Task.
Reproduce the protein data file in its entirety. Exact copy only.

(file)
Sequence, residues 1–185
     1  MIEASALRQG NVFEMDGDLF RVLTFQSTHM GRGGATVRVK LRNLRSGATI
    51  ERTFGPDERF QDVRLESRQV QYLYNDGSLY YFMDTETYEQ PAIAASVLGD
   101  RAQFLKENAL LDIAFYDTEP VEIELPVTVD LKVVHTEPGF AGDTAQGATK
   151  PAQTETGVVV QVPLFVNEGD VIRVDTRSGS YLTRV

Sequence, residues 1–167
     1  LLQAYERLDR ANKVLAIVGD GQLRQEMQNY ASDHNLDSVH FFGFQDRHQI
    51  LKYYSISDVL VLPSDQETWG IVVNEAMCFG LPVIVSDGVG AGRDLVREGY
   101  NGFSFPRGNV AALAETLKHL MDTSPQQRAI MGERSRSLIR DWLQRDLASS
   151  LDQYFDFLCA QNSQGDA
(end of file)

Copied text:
Sequence, residues 1–185
     1  MIEASALRQG NVFEMDGDLF RVLTFQSTHM GRGGATVRVK LRNLRSGATI
    51  ERTFGPDERF QDVRLESRQV QYLYNDGSLY YFMDTETYEQ PAIAASVLGD
   101  RAQFLKENAL LDIAFYDTEP VEIELPVTVD LKVVHTEPGF AGDTAQGATK
   151  PAQTETGVVV QVPLFVNEGD VIRVDTRSGS YLTRV

Sequence, residues 1–167
     1  LLQAYERLDR ANKVLAIVGD GQLRQEMQNY ASDHNLDSVH FFGFQDRHQI
    51  LKYYSISDVL VLPSDQETWG IVVNEAMCFG LPVIVSDGVG AGRDLVREGY
   101  NGFSFPRGNV AALAETLKHL MDTSPQQRAI MGERSRSLIR DWLQRDLASS
   151  LDQYFDFLCA QNSQGDA